• Calendar.
  • Contacts allows you to organize everything you want to know about a person — address, all phone numbers, email addresses, birthdays, notes, websites, and anniversaries. Make a change on one device and it is updated on all others through iCloud.
  • Find My iPhone assists you in finding a lost or stolen iPhone by viewing its location on a map. Remotely wipe all info, remotely send a message to your phone to tell others it’s yours, and lock remotely.
  • Newsstand to read magazines, newspapers, etc.
  • An up-to-the-minute stock ticker.
  • Extended weather forecasts for multiple cities and locations.
  • A notebook.
  • Access to YouTube.
  • Voice Memos.
  • Calculator (scientific).

Another exercise in imagination, if you will: Consider every bit of technology listed above (we will ignore the wonderful advances in lithium battery, sensor, and storage technology for the purposes of this exercise) and the infrastructure needed for it to work. Now take it back in time just 20 years, to 1991. Keep in mind, all of this wonderful technology is crammed into 4.5 by 3.11 by 0.37 inches, with a total weight of 4.9 ounces.

How much would something with comparable functionality cost back then?

The logical answer would be that the technology did not exist 20 years ago, so it would be priceless. But this is a thought exercise, so we can at least break down some of the components and price them individually.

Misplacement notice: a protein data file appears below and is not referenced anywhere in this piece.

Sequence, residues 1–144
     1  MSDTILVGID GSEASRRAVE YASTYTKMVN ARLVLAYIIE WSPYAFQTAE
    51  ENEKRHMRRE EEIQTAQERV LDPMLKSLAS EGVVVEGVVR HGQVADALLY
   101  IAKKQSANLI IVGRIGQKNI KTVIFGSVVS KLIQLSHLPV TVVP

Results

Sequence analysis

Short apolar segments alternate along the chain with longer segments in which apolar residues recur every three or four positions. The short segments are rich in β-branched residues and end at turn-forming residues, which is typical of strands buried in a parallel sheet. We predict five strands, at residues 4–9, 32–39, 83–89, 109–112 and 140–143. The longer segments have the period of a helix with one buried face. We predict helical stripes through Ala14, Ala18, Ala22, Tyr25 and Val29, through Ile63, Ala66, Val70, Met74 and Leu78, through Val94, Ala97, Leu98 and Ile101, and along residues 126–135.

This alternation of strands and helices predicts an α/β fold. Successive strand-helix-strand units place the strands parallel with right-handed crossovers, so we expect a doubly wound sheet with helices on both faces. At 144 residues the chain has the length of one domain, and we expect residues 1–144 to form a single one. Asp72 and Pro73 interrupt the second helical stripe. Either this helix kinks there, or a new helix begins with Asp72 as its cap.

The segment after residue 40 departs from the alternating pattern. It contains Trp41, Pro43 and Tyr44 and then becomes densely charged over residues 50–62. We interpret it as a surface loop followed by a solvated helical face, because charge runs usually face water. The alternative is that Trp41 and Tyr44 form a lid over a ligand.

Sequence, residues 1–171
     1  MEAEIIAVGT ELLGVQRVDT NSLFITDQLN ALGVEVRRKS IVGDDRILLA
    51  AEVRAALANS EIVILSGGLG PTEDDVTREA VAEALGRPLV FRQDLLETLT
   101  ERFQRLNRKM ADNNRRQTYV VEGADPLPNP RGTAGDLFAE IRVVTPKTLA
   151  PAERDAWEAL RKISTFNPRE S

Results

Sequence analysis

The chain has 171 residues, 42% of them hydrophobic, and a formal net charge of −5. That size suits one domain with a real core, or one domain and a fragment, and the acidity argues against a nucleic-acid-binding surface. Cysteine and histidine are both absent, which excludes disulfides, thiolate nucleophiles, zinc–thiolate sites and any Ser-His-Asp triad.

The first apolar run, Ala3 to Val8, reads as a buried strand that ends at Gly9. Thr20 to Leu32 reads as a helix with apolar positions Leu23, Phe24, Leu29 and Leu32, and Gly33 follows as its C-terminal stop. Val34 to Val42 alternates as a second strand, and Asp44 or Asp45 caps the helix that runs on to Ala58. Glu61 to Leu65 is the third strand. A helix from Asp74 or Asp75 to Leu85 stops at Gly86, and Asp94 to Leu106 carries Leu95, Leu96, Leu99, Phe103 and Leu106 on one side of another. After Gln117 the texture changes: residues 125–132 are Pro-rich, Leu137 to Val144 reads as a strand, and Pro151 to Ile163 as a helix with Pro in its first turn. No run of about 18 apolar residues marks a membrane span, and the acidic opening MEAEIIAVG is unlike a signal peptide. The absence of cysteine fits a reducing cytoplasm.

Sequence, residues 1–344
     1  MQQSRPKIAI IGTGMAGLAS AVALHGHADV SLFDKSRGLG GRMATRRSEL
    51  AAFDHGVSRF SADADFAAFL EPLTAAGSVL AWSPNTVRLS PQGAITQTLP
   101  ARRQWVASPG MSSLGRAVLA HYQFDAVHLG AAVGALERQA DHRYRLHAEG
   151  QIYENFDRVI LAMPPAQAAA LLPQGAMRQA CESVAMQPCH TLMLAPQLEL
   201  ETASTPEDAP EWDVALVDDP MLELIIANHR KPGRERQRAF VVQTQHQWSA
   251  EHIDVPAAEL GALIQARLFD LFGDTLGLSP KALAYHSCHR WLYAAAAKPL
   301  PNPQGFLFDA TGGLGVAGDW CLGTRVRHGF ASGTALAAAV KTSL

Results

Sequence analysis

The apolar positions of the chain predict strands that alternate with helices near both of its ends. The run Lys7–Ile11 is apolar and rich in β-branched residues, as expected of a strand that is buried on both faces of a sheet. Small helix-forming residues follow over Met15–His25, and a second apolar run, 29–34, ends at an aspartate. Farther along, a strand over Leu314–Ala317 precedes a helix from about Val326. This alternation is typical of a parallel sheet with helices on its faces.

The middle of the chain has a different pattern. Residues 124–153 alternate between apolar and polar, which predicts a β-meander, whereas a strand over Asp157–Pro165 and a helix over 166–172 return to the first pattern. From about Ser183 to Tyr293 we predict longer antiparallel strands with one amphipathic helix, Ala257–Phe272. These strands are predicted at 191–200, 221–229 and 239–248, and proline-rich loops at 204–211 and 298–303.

In 1991, the most common portable analog phone (cell phone technology was still in its nascent stages) was a Motorola MicroTac 9800X. It was lauded for its compact size, and for being the first flip phone on the market. It was an inch thick and nine inches long (when opened), and weighed close to a pound. The only thing it did was make phone calls. The quality of the calls were reportedly pretty bad. You couldn’t use the phone while traveling outside your metropolitan area, and it was pricey to make any phone call.

It sold for anywhere between $4,153 and $5,822 in current dollars (adjusted for inflation).

The first digital camera was released in 1991. It was a Kodak Digital Camera System, and had a resolution of 1.3 megapixels. It also came with a 200 MB hard drive that could store about 160 uncompressed images. The hard drive and batteries had to be tethered to the camera by a cable.

Cost in current dollars, adjusted for inflation: $33,317.

This is where I stopped. At just two laughingly inefficient components (according to today’s standards; back then, they were miracles of technology) in comparison to what comes standard on any iPhone available for $199, I was already hovering around an overall price of $40,000.

Extrapolate all of that out, including all the infrastructure required to make it work, and you can easily conclude that literally all the money in the world in 1991 could not buy you an iPhone.

Today, I can walk into a store conveniently located near me and get a device that makes it nearly impossible for me to get lost, lets me communicate with people I’ve known my whole life who are scattered all over the globe, allows me to take wonderful pictures and record moments of my life, provides access to all the information available on the Internet, streams any number of movies or TV shows directly to me, tells me an extended forcast, lets me video chat with my daughters and phone anyone I wish, along with any number of other things — all for the paltry sum of $199 and the price of a two-year contract.

A product that Bill Gates, Steve Jobs, the Queen of England, and any royal prince would be unable to purchase 20 years ago is now as ubiquitous as the air we breathe. That’s what Steve Jobs produced. And, as a bonus, the wealth created by his idea provided the means to countless other people around the world to purchase what he produced.